Getting rid of my sugar addiction

Sugar, I’m truly sorry, but we have to say goodbye. I love you Sugar, perhaps a little bit too much. Our relationship is no longer adding anything to my life. In fact, it’s doing more harm than good. I wish you the best, but I have to go now.

My sugar addiction was getting out of hand. I could easily eat a big bag of M&M’s, a whole bag of cookies and some other stuff in one day. Yes, just one day, every day … I was craving sugar for most of the day and was getting restless if I didn’t had access to it.

Eating too much sugar has been a problem ever since I was a teenager. I would eat bags and bags of sweets in just a few hours. No one would ever suspect me of a sugar addiction, unless they have seen me eaten, because I’m really skinny and I never gain a single pound, despite the amounts of food I’m consuming.

Eating less sugar has never been something I was looking forward to. I love sweets and chocolate and when I feel bad I rather eat a candy bar than an apple or something. I like fruit as well, but somehow candy always was my first choice.

So why quit eating so much sugar when you like it? Because man, I was feeling horrible! I was tired most of the time and only got a temporary sugar rush after eating some candy. Also I’m pretty sure that my mood swings have something to do with the overkill of sugar I take.

Yesterday I mostly ate healthy stuff. I had a nice breakfast, ate some fruit, drank only one soda and a lot of tea and even made myself a salad and some freshly squeezed juice. I did managed to trick myself into thinking it was OK to eat some candy … The addict in me still want sugar.

Today, I’m feeling horrible. I’m so tired and I feel like I’m getting the flu or something. I looked up what the withdrawal symptoms of quitting sugar are, and getting really tired is one of them. So I guess it’s just something I have to get through.

Some other withdrawal symptoms are cravings, anxiety and depression, and a general sense of loss when the addictive substance is not used. I’m looking forward to it … not.

So why stop? Because it’s killing you, slowly, from the inside out. You can get diabetes, heart diseases, you can get fat, get emotional troubles etcetera. Yes, I like sugar. Pff, I LOVE sugar, but the amount of sugar I’m taking will not do me anything good.

I don’t want to scan every label to see if there’s sugar in something, so I’m just going with not buying candy and no sugar in my tea anymore. It seems like not much, but the candy is my main problem. I’m pretty sure it will be a struggle to kick the addiction and replace the candy with some more healthy snacks, but I need to do it.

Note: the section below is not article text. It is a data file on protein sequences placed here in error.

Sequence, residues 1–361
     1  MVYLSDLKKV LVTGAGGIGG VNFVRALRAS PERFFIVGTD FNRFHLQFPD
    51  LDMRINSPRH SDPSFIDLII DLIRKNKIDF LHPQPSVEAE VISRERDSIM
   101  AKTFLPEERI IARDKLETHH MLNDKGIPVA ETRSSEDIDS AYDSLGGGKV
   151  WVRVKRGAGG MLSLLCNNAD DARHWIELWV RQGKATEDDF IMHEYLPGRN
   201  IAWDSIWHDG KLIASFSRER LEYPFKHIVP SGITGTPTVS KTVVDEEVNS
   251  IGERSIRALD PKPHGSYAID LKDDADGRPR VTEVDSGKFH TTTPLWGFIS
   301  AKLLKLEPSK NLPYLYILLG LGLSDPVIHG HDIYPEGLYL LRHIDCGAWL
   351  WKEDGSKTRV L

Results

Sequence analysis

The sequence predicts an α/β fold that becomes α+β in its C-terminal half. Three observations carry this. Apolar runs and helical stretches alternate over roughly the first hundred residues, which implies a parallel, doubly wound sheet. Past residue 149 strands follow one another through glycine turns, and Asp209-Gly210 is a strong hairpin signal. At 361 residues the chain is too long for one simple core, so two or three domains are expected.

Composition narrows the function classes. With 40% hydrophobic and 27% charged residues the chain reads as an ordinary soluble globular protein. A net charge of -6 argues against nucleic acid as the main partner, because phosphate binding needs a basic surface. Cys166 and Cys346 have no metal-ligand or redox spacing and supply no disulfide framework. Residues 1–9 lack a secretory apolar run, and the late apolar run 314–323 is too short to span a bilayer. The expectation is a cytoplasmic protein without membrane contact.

If you want to get rid of your sugar addiction as well, start now, not tomorrow. If it’s too much for you to go cold turkey, start with small steps, like no more sugar in your coffee, no more soda or, if candy is not that big of a deal for you, no more candy. Eating less sugar will make you healthier and will make you feel better eventually. Eating less is better than not doing anything at all.


11 thoughts on “Getting rid of my sugar addiction

  1. I have the same problem. And have tried so many times. Type II diabetes runs in my family. So you would think it would be easy. But its not! Sugar is addictive. And I think candy companies bank on that!

    • Well, a while ago I was feeling so tired, so I went to the doctor to get my blood tested. I have to say, waiting to hear if anything was going on I might have inflicted on myself wasn’t cool. When I got the results back and everything seemed just fine, it was a big relief. Part of me was like: Oh, nothing is going on, you’re fine, you can continue the way you did before! And I did … and I was still so so tired. So eventually I realized that I had to do something about it. So bye bye candy companies, you are not going to get my money and health anymore 😉

  2. Yup, sugar is toxic and most people overdo it. I’ve been experimenting with Stevia these days. It’s a natural food 200 times sweeter than sugar. It has recently been shown in scientific studies to be safe even for children and diabetics. It may be worth looking into 🙂

    • Hum, that might be worth looking into indeed. I’ve heard about Stevia before, but never took the time to look up some more information. I definitely overdid the sugar intake. Today I’m feeling a bit better than yesterday, a little less tired, and there was no candy bought at the supermarket when I went there today 😀

      • So far, I’ve written two posts featuring stevia and plan to do some more – if you follow the links in these posts you can get a start on some easy info 🙂

  3. This is an interesting article about sugar:
    But their measurements are based on “a healthy diet and three cans of soda a day”. In one can of soda, there are 18 cubes of sugar (I think it was the tv-programme Keuringsdienst van Waarden which recently had an item on sugar…).

    I do use regular white sugar, but also cane sugar and honey for sweetening. I make everything myself, so bar the honey, my sugar consumption is already down to around 1 teaspoon of sugar a day (yes, counting the sugar in store-bought food items like chocolate as well!).

    • Well, I think you’re doing really well! 1 teaspoon of sugar a day, including sugar in store-bought food items, doesn’t sound as too much to me! I have this rule for myself: I can eat sweets, as long as I make them myself, and only if they’re vegan and only have natural sugars (like honey, banana, applesauce).

      • By the way, if you have any recipes, I’d like to read them 🙂 My recipes are here. My sister’s boyfriend cannot eat refined sugar and lactose-containing products (allergies), so one of my other sisters also bakes a lot of sugar-free things! Her sugar-free recipes are here (Dutch blog).

So, what do you think?

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